The Madonna of the St. Denis Bar-BQ is a true account of a parent-child relationship, beginning with the details of the death of the author's mother, Belle-Moue, and tracing her history back, chap
The Madonna of the St. Denis Bar-BQ is a true account of a parent-child relationship, beginning with the details of the death of the author's mother, Belle-Moue, and tracing her history back, chapter by chapter, to her birth some decades earlier. It reads like modern-day fiction, scored with factual information. The theme is universal. Authors from different cultural backgrounds have written about the life and death of a parent: Simone de Beauvoir and Michael Ignatieff, among others, have recounted the mother-to-daughter, mother-to-son legacy.
The setting for the book, originally entitled Belle-Moue, is regional: it is the life story of a Québécoise, in la belle province, from 1988 back to 1909. The plot includes a distinct dimension — the veritable influence of religion and government on 20th century French Canada and on women in particular — a subject about which Huguette O'Neil writes with convincing authority. An award-winning author, she is also a journalist and served as Director of Information for the Quebec Council on the Status of Women.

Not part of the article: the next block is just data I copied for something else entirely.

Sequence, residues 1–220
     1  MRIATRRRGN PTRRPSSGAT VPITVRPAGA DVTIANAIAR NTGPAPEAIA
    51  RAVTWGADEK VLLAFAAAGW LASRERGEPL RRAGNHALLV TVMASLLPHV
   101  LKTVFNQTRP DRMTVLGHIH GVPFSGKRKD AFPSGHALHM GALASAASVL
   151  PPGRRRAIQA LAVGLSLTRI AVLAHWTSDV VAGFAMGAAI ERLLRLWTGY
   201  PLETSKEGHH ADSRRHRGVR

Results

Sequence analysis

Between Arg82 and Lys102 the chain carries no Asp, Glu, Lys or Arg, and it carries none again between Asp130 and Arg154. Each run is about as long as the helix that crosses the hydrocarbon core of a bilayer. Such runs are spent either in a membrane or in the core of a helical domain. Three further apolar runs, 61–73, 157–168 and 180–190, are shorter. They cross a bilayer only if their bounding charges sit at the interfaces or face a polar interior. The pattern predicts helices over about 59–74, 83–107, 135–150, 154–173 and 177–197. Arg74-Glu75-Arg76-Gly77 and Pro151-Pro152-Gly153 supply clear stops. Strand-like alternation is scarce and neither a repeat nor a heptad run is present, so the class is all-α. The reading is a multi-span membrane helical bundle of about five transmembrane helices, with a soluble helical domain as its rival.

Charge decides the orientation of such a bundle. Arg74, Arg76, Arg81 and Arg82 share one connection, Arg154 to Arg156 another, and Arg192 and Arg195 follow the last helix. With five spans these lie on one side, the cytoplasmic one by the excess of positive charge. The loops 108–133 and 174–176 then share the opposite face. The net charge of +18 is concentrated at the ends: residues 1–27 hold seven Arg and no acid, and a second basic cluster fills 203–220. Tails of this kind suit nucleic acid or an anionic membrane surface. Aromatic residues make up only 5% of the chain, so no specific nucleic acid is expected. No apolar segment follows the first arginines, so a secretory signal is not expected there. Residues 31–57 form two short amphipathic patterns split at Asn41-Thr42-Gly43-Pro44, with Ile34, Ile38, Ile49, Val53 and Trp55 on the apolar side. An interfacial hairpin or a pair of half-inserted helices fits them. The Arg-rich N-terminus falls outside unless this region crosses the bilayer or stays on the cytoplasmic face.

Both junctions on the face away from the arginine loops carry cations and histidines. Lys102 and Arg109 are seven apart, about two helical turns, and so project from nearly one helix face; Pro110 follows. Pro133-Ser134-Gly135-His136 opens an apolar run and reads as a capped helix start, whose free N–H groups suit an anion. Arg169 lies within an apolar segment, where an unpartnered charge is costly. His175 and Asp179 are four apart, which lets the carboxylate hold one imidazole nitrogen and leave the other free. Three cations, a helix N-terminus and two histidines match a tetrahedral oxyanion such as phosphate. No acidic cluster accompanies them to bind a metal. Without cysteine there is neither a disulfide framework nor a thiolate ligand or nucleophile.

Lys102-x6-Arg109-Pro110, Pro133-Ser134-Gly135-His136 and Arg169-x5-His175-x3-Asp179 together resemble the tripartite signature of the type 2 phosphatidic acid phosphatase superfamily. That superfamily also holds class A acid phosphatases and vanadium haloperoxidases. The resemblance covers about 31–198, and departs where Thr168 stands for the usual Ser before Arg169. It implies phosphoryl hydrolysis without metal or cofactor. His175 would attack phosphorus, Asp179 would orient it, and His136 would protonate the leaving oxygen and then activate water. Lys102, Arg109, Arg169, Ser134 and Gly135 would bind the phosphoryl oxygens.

The Madonna of the St. Denis Bar-B-Q was originally published by Triptyque under the title Belle-Moue. The book won both the Prix Gaston-Gouin and the prix Juge-Lemay, and has been translated by Suzanne O'Connor.
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Hugette O'Neil is a well-known independent Quebec journalist. A specialist in feature writing, she has published articles in La Presse, Le Devoir, Chatelaine, and l 'Actualité. Her works include Fascinante Nelly (1996) and Propos sur la Vie (1987). In the late seventies, she served as Director of Information for the Quebec Council on the Status of Women and was responsible for the changes to the Quebec government's policy on maternity leave. She lives in Lennoxville.
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"In a book with a few pages, Huguette O'Neil packs a wallop, delving into the complexities of mother-daughter relationships, the sociopolitical climate of Quebec, and bares her own soul in the process.... She exposes her mother with all her warts and makes no attempt to hide her own feelings of guilt, and at times annoyance, with her mother, striking a chord that resonates with every reader."
— Sharon McCully, The Record, 2004